…please stand by.
I’m packing up and moving. I’m actually already there, but setting up the new blog has proven to be a bit of a pain. Things will be quiet here for a bit while I’m setting up the new spot. As soon as it is done, I’ll post the new URL here, and I’ll likely set up a redirection system to take people automatically there.
My house is innundated with family members right now, so as a result I’m, behind on my posts and replies on East and West. I’ll be back in a few days and at that point I’ll jump right back in (there are a few posts I already have in mind on Chapter 2.) For now, go to Peony’s place and check out her thread on chapter 2 of Bell’s work — “The Three Generations of Human Rights“. In the meantime, I wanted to wish everyone a happy holiday season. As a gift, below the fold I’ve listed some of my favorite Christmas songs and YouTube links to them. Also, I’ve provided a link to the worst Christmas song. If you have a moment, leave a comment stating your own favorite Christmas song, and I’ll put up a YouTube link to it.
Today the Christmas Tree went up. We don’t buy real trees, since it’s a pain in the butt to get them and transport them to the house and then a royal pain to clean up as they dry out. So we do it the other way: stick the fake pole in the tree stand and start sticking in the individual branches into their color coordinated holes. This time things started as usual. First Christie stuck the very top branches into the pole, and then started at the bottom, putting in the biggest branches and working her way up. Then something unexpected happened.
In the last few weeks I’ve absorbed a few more zombie movies into my vast knowledge base. Yeah, I can’t help it. It’s my weakness. Besides, the radiation from the Venus probe has sparked so many movies it’s hard to keep up with them. See below the fold for the reviews. All bad this time, I’m afraid.
I was discussing Facebook interaction today with my wife (a psychologist) in the car. I pointed out that, as far as I can see, many of my own students seem to think of Facebook as a neutral “tool” that their independent and autonomous selves manipulate. In other words, as a neutral tool it has no effects on the very constitutive nature of the selves using those tools, and so has no effects on the way those individuals form their own self-concepts, self-concepts that in turn affect how they behave with others, interact with the world, and so on.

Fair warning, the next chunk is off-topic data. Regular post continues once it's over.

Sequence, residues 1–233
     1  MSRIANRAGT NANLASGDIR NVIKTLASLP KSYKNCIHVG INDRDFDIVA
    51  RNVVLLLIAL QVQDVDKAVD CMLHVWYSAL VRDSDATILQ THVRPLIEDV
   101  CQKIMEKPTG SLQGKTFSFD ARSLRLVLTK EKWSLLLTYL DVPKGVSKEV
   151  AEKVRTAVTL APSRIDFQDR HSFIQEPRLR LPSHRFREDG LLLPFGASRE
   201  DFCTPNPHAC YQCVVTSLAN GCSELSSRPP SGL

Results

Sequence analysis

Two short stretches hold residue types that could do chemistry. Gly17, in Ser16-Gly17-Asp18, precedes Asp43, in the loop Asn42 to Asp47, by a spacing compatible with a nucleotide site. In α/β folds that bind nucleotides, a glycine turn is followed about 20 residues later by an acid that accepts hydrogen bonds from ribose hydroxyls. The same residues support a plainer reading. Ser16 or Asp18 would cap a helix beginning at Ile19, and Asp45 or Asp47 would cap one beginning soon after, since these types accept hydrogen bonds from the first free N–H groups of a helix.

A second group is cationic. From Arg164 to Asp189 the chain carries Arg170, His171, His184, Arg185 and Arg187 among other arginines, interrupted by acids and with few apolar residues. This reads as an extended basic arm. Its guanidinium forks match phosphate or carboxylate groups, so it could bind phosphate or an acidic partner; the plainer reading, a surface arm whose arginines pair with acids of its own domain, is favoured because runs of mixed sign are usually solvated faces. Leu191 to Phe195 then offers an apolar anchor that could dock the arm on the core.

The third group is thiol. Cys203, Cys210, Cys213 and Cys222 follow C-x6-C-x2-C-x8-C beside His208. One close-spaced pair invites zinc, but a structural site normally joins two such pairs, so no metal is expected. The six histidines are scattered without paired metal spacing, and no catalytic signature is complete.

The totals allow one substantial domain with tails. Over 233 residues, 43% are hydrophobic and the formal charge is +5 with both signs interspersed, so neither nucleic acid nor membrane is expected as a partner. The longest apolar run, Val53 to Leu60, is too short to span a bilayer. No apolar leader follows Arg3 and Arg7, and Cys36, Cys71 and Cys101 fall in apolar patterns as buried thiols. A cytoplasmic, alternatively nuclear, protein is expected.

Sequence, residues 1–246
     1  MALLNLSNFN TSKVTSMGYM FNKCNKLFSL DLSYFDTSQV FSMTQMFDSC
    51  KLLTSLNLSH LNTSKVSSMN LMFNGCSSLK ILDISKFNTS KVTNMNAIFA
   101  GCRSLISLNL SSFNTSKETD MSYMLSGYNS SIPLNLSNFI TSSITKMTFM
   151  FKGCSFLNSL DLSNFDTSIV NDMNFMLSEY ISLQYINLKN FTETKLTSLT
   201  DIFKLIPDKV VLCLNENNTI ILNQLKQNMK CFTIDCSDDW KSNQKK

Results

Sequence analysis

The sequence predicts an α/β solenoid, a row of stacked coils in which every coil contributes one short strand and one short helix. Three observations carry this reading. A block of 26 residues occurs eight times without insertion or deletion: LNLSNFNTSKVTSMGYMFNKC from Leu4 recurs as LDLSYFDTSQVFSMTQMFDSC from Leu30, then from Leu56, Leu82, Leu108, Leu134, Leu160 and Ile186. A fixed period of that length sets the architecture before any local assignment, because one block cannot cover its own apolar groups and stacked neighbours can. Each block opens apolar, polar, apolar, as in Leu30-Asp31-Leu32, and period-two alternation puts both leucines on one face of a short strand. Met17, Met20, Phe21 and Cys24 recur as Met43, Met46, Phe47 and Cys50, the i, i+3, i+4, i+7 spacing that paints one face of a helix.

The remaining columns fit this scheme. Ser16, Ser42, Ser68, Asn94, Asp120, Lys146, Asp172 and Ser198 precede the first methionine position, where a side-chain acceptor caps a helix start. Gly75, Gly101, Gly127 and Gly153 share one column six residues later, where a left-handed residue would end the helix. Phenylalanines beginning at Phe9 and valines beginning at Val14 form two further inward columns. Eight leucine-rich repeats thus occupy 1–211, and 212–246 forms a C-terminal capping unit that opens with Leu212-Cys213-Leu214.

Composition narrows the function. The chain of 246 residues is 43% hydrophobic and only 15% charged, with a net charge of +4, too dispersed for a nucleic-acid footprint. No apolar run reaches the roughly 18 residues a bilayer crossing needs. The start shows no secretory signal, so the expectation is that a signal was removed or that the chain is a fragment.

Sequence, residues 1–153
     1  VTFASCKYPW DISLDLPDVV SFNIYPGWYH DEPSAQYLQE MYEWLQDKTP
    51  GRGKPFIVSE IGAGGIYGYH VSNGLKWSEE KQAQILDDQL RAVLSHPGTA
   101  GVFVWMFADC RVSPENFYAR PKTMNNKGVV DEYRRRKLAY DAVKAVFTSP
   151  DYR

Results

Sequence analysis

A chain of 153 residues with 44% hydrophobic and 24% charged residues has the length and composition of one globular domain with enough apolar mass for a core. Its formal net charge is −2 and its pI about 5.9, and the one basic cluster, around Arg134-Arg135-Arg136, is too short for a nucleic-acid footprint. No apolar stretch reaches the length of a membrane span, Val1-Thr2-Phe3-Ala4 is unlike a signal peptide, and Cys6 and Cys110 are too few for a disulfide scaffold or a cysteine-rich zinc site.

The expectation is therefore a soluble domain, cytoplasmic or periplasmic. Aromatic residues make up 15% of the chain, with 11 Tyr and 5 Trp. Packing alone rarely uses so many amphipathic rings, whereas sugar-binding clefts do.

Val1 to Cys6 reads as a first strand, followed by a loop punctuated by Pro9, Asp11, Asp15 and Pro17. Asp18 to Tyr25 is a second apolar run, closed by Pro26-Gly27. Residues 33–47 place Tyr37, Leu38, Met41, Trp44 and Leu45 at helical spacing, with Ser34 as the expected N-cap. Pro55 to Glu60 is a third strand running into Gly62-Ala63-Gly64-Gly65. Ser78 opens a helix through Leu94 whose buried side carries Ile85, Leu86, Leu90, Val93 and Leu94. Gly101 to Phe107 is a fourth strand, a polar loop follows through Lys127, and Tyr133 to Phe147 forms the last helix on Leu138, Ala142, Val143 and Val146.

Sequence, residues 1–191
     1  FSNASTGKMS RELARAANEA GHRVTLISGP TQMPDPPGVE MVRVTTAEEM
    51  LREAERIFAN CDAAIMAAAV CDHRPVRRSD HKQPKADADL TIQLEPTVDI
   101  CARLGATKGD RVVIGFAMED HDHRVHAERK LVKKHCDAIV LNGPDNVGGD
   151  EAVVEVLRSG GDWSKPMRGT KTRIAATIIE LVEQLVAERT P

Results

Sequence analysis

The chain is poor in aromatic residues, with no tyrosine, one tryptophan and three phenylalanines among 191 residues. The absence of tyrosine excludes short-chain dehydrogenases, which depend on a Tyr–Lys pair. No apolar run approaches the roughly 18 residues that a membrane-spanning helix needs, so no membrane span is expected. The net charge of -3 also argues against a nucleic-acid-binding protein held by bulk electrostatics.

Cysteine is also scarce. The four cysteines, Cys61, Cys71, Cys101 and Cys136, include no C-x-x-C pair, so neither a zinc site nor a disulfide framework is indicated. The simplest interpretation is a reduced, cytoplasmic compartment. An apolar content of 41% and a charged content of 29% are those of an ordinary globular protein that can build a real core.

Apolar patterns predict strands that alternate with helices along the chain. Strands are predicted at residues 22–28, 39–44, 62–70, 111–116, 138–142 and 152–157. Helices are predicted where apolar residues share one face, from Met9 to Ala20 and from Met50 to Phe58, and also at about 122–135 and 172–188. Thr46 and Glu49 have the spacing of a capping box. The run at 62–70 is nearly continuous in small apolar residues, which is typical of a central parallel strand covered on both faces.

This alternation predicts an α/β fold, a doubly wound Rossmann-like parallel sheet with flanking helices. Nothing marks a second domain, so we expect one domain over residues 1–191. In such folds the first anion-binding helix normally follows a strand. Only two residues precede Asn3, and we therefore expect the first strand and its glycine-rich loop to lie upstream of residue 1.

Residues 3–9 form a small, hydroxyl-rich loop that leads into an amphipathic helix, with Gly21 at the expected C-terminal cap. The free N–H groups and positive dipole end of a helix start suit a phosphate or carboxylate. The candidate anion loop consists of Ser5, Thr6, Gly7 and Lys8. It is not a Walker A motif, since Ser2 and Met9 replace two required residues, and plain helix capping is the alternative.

Although this is a typical view to have about technology, I disagreed. Instead, technology is not neutral: we may create a technology X, but then participation in that technology turns around and itself produces particular kinds of selves, which in turn then see and interact with the world in new ways. Hardly neutral, and hardly independent. We may shape technology, but it just as ruthlessly shapes us in turn.
What do you think? Does Facebook (and similar technologies) shape the very nature of human relationships by altering the ways in which we think of ourselves, others, and the ways that we are related? Of course, this “interaction” need not always be negative or pernicious. It can also be beneficial and helpful.
In the interests of fairness, I need to issue a small retraction: in my previous post on Facebook narcissicm, I was too harsh on the study that was reported on by Yahoo. I read the story too quickly: it didn’t argue that narcissism existed on Facebook (which would have been obvious), but rather argued for particular ways to highlight who is narcissistic based on ways of using the features of the platform. As I don’t think the latter study has obvious results, I stand corrected! That said, I still stand by all of my other criticisms of the platform (even while recognizing it’s various benefits).
Next semester Christie (my wife) and I will be teaching at Tsinghua University in Beijing. Each of us will be teaching a course called “American Culture.” The course content is entirely up to us, and we’ve been slowly engaged in the task of putting together the material we will eventually be covering (individually, the courses aren’t team-taught, but we’ll teach the same syllabus). We really need help accumulating suggestions from people regarding what to cover, and how to cover it. Click below the fold and give us a hand! All suggestions welcome — especially from students!
This study apparently shows that Facebook profiles can reveal narcissism. Really? Narcissism? On Facebook? Hard to believe, isn’t it? Sometimes when I see this kind of study I think that there should be a journal for these things, something like JPHO, or “Journal for the Proof of the Hopelessly Obvious” or something like that. It amazes me the money people get to run certain studies (This just in! Stop the Presses! Studies prove that breathing extends life!).
For the past few days the wife and the two kids have been out of town (down to Arkansas for the birthday of her mom). You know what that means…craziness. Yeah, I got totally nuts. Threw all caution to the wind. Pushed the envelope. You know what that means…I crawled into my man cave and watched two zombie movies from Netflix that my wife would never watch with me.
I am a zombie movie addict. I have been for over 20 years. It all started with two movies — Night of the Living Dead (the 1968 original Romero) and Children Shouldn’t Play with Dead Things (1972). Both of these movies freaked me out when I saw them at around 7 years old on late night television. Particularly Children — man that movie scared me silly. Who knew that it would lead to a fascination with zombie movies ever since. I’ve seen them all, and I’m a serious critic of bad ones. And no, they aren’t all bad. Though many are.